14/11/12 – 14:05
I share every aspect of Brendan’s delight in having "known" the wonderful RTs, not only in this area but in their home territory as I had many relations in London and visited often.
I must tell here a very sad but unfortunately true anecdote reflecting the total lack of interest and knowledge in the job by a huge proportion of drivers and conductors – mind you, understandable I suppose as most likely very few mill or factory workers spent their leisure hour drooling over a certain loom or lathe !!
Now then back to Otley and Samuel Ledgard in 1963, and of course the last of the famous Sutton Depot "HGF" Daimler CWA6s (another fabulous family) had only just gone. I can remember making my way to the depot to start a late turn when, outside Woolworth’s in Kirkgate, I encountered one of our more cynical and constantly grumpy colleagues and was informed "Wait till you get to the garage – some more London garbage (polite word after editing) just arrived." Well, its a wonder I wasn’t knocked down as I sped to the depot knowing full well what to expect, although there had been no announcements or rumours about such an acquisition. There on the forecourt, gurgling away contentedly, was RT 4611 NXP 864, still advertising all the delights of the West End. It was the first RT to enter service from Otley depot and was fairly promptly prepared in what was to become the standard treatment for the 34 RTs and 5 RTLs we were to enjoy eventually. The roof route number box was very professionally removed and the front destination display repanelled to show only our new standard (by then) rolls, and over the platform the glass was neatly masked to leave only the right area for the same version. the rear destination displays were totally removed, and professionally panelled so that no trace remained. Preparation for painting was to the usual incredibly high standard of which Arthur and Benny were very justifiably proud.
Moving on now to a Saturday afternoon, late turn again, and "864" was parked in the garage, taxed all ready for the fray but probably not until Monday morning. My conductor was Eddy Busfield, who had been a University student on Summer part time employment but had "caught the enthusiast bug" and had stayed full time. We couldn’t resist after tea and approached the amenable shift garage man with "Can we PLEASE take the RT out ??" Being himself an Ex Pat Londoner he agreed at once, and so off we went like a couple of delighted infants :-
2010 Otley – Leeds
2055 Leeds – Otley
2150 Otley – Leeds
2235 Leeds – Otley
Refuel of course on the "wrong" side but who cared – a bit of awkward manipulation was a small price to pay for a wonderful evening. The proof of the pudding is in the eating, as the saying goes, and as more RTs arrived there were rarely if ever any more derogatory comments from those who "open their mouths before they put their brains in gear."
The RTs were rightly legendary and I also loved the RTLs with their different characteristics – wonderful tick over "wobbling" and Leyland "gargling."
14/11/12 – 14:14
Elsewhere on this site, under an item dealing with the Ledgard RTs, Chris Youhill states that one of these machines LYR 915, is now preserved in its original Country Bus Dept livery. Let us know, Chris – were the others green on arrival at Ledgard’s?
14/11/12 – 15:32
I can remember six operators in the area who had RT’s. Service coaches and Bedlington District, both based in Ashington, had them for miners services and as a result they tended not to be of the best of condition appearance wise. Moor Dale who used them for contract and school runs, they stayed in LT red, but the mudguards and cream centre band were painted blue, Armstrongs of Westerhope ‘who were taken over by T&W PTE and became Armstrong Galley’ they were a pale green colour, Lockeys of West Auckland. they were black and white, but best of all were OK of Bishop Auckland, the RT’s looked wonderful in their livery.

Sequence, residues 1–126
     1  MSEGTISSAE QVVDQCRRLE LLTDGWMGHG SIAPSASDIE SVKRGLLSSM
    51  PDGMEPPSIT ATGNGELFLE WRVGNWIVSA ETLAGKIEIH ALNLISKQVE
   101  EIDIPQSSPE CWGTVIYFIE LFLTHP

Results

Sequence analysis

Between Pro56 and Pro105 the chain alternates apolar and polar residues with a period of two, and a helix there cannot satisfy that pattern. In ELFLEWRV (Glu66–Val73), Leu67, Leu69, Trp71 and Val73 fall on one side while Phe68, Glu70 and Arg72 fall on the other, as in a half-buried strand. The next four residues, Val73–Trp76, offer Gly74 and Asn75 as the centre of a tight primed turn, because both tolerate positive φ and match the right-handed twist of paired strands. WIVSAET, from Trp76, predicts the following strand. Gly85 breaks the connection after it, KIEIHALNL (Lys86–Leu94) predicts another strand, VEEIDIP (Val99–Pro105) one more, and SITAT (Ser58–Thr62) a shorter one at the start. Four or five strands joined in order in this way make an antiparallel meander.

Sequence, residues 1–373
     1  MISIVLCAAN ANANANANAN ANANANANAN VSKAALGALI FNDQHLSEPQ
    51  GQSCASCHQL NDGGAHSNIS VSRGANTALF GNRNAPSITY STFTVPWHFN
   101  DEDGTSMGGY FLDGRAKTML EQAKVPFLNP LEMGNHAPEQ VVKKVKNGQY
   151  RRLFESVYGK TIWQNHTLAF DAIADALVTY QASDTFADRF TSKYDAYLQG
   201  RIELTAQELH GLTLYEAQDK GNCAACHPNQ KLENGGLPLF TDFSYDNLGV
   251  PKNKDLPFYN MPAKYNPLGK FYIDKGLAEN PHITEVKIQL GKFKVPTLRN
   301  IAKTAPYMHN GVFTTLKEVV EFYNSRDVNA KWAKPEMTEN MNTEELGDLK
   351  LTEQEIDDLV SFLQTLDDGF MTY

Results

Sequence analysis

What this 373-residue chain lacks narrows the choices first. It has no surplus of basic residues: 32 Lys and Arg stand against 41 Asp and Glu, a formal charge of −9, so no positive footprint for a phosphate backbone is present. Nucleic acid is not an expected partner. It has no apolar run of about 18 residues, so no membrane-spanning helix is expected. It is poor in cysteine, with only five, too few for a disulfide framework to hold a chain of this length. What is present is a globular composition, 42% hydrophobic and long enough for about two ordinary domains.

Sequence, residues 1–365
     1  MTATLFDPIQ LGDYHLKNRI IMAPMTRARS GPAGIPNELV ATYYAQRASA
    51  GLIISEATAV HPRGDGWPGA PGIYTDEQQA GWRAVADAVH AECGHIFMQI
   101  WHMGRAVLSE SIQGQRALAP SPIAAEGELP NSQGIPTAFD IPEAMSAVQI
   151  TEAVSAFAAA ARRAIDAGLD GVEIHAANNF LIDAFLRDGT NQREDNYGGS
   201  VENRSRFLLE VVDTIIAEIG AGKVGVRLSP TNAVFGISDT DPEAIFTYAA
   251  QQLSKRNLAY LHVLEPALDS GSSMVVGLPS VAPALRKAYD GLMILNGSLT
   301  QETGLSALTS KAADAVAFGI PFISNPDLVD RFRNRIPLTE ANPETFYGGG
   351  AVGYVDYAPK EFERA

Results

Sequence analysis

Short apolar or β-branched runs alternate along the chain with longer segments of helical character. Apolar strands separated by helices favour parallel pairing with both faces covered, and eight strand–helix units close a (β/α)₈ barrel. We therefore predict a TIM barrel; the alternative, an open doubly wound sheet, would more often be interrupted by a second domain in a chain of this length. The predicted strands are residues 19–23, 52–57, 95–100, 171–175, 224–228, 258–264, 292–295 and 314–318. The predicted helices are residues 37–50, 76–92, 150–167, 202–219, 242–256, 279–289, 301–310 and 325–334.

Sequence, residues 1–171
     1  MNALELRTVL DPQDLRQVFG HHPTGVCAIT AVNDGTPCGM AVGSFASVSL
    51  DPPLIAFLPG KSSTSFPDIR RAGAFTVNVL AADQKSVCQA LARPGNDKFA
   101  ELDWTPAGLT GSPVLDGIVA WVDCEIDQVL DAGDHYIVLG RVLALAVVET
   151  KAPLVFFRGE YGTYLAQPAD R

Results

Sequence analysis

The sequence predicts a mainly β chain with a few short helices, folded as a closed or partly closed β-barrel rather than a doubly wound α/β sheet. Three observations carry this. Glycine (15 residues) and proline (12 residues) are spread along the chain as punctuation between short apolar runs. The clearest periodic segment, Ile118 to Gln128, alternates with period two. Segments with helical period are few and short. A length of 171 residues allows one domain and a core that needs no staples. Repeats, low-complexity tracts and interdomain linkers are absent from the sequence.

14/11/12 – 16:30
In another of his evocative posts, above Chris Y briefly mentions the ‘HGF’ Daimler CWA’s at Sutton Garage. I’ve mentioned LTE’s profligate ways before, but when time came for the ‘D’s to go, Merton’s were replace by RT’s, but Sutton’s were replaced by RTL’s. This, of course, required driver and fitter re-training and new workshop material. tooling, manuals etc. Just five months later, the RTL’s were replaced by RT’s! Unbelievable!
My experience of the removal of the roof routebox on the generic RT class, was that it was usually done very badly, with pop rivets to the fore etc. SL did do a professional job, as Chris Y says.
15/11/12 – 11:21
Roger, I’m not sure if any records were kept by enthusiasts as to what colour each RT was on arrival here, but certainly there was a mixture with plenty of both red and green. RT 4611, NXP 864, was definitely red as I saw in my delighted, nay rapturous, initial sighting mentioned above.
Chris H, I’m astonished, well not really I suppose, to read your fascinating account of the Sutton RTL/RT farce. Although I was always a very great admirer of London Transport it has to be said that they were far too rigid in practices and habits in many ways.
Photograph by ‘unknown’ if you took this photo please go to the copyright page.
This picture shows an immaculate newly prepared LYR 867 leaving the roof top park of Armley depot in a manner which could have seen the driver at the Labour Exchange (Job Centre to our younger friends) as a notice on the inner wall warned "ANY DRIVER LEAVING THE ROOF IN ONE SWEEP WILL BE DEALT WITH." Unusually the rear wheels are visible and painted blue – the normal practice was for the wheel discs to be fitted. The high standard of painting and preparation can be seen, as can the almost imperceptible removal of the roof route number box.
15/11/12 – 17:01
I presume, Ronnie, that when you refer to ‘RTs’ you mean any of the RT ‘family’, i.e. RT/RTL/RTW. I’m pretty sure that OK didn’t have any RTs as such, they acquired eight RTLs (I think) when the first batch were released c1958, inherited a further two with the business of Anderson (Blue Belle) of Evenwood, and bought a single RTW in the mid-1960s. Lockey’s (one of my favourite operators) had one RT and two RTLs.